1

Does it mean having been drunken?

https://hermeneutics.stackexchange.com/questions/8887/how-to-interpret-john-210

says that methiosin in the bible means alcoholic intoxication

Words similar to it are all drunk related http://biblehub.com/greek/strongs_3184.htm

It seems the word drunk in english can mean two things. It can mean alcoholic intoxication. It can also be the past participle form of drink.

Yet the word methiosin is translated as

http://biblehub.com/greek/methustho_sin_3184.htm

  1. have drunk freely
  2. men have well drunk
  3. they might have drunk freely

I wonder if the english translation means have been drunken (alcoholy intoxicated) or does it mean something else (like being not thirsty anymore). Does it mean that the men have simply drunk a lot of liquid (not necessarily intoxicating)

What does have drunk freely means? Does it mean being drunk?

  • one motives behind this question is to examine whether the bible has been translated faithfully or not. Have drunk freely does not seem to mean having been drunken. – Sharen Eayrs Aug 29 '15 at 13:54
2

You have three translations attempting to say the same thing:

  1. have drunk freely
  2. men have well drunk
  3. they might have drunk freely

Your cite gives the verb as μεθυσθῶσιν (related to the Greek word for wine), third person plural, aorist tense, subjunctive mood, passive voice It is difficult to map Greek verb forms directly in English. The aorist was often used for narrative and indirect discourse; the subjunctive indicates possibility; the passive takes the action to the subject. So one literal rendering is "[when] they should [or might] be being intoxicated by wine."

The point of the passage is to examine the hosts behavior when his guests have had enough of his good wine so that alcohol has made them insensible to the quality of further drink.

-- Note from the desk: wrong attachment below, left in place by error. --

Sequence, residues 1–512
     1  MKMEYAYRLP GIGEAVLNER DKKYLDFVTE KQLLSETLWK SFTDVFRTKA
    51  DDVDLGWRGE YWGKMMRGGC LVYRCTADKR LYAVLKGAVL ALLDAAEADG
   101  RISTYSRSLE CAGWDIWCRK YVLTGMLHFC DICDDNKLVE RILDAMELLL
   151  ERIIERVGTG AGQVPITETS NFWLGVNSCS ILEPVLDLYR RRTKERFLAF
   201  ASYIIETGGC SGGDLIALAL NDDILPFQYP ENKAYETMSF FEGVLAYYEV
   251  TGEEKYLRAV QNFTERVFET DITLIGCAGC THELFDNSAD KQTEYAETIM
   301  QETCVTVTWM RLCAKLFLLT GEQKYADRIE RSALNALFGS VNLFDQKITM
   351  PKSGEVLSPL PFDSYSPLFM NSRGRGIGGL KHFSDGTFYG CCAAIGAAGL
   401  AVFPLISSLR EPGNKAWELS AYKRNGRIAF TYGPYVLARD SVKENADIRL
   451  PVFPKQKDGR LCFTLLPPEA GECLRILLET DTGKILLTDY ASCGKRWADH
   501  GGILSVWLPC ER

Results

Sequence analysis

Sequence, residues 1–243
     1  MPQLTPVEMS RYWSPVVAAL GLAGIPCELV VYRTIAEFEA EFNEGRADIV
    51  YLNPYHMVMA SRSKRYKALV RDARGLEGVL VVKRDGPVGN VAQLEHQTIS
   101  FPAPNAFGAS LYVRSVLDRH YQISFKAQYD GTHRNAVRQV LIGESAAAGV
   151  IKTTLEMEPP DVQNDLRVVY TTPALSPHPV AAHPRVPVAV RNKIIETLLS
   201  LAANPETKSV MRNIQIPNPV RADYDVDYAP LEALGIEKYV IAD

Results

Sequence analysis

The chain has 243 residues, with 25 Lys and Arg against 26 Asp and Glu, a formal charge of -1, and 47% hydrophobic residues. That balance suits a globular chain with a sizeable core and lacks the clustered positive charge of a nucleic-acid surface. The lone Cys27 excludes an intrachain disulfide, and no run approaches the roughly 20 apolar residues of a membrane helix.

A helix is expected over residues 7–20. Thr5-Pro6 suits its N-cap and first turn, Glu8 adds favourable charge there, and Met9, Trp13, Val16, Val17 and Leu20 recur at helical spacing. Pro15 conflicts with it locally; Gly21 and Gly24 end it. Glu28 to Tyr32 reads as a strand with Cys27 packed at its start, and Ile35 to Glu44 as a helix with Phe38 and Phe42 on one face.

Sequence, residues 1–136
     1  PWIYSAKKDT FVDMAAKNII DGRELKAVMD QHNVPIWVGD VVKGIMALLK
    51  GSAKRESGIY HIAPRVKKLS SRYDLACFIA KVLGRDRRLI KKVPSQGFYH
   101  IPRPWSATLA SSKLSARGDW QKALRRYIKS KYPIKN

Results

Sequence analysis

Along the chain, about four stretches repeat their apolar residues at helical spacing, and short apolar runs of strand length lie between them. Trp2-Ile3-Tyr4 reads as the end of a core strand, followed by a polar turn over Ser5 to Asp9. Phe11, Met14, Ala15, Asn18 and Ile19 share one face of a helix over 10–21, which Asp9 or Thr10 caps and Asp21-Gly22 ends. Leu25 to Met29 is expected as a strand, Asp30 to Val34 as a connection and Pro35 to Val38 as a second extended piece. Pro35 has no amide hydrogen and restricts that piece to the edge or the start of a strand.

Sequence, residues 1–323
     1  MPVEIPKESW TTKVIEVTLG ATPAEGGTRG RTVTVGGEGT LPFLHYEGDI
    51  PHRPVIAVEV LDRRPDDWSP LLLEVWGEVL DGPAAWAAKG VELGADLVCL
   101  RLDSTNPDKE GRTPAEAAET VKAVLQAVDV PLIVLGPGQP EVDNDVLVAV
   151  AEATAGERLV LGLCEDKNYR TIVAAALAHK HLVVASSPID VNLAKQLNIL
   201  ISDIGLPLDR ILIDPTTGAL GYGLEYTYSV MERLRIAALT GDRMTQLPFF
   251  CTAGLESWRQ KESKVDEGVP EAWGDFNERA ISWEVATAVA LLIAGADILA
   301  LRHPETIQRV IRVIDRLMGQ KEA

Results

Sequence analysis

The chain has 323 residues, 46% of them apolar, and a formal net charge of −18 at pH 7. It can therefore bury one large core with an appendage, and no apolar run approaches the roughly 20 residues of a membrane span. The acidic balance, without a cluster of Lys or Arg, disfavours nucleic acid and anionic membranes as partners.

2

"Have drunk freely" means that someone drank without reservation.

If I sip at my drink I'm being reserved and taking it slow. If I swig it down in one gulp and ask for more I'm not being reserved, I'm drinking freely. Once I have done so you could say I "have drunk freely".

Doing this with alcohol will likely get me drunk (as in intoxicated).

The difference is context. In the context of "Have drunk freely" drunk is the past participle of drink (drank is the simple past tense)G The context makes clear that drunk is being used as a verb. But this doesn't mean that they aren't intoxicated. That may well result depending on what they've been drinking. You simply don't know yet when all you know is that they "have drunk freely".

Drunk can also be an adjective that means intoxicated. Just not in the context of "have drunk freely". More like, "He is drunk".

Drunk can be a noun for someone who is an alcoholic and so constantly intoxicated. But also, not in this context. More like, "He's a drunk" S

  • Yes. There are two ways of drinking -- one is to avoid getting or acting drunk -- that's called "holding your liquor" -- and the other is "to drink freely." – aparente001 Aug 25 '15 at 3:53
  • does have drunk freely means a person is intoxicated? some christians argue that the wine is not alcoholic. – Sharen Eayrs Aug 30 '15 at 16:11
  • @SharenEayrs does this edit make it clearer? – candied_orange Aug 30 '15 at 17:24
  • I see. It seems that the bible translator have deliberately mistranslate the meaning of the word methiosin. – Sharen Eayrs Aug 30 '15 at 21:51
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    @SharenEayrs I'm a teetotaler myself and I've no problem with Jesus being a good host. But I see your point. A hard fact has been reduced to implication to water down an obvious endorsement of alcohol. – candied_orange Aug 31 '15 at 13:15

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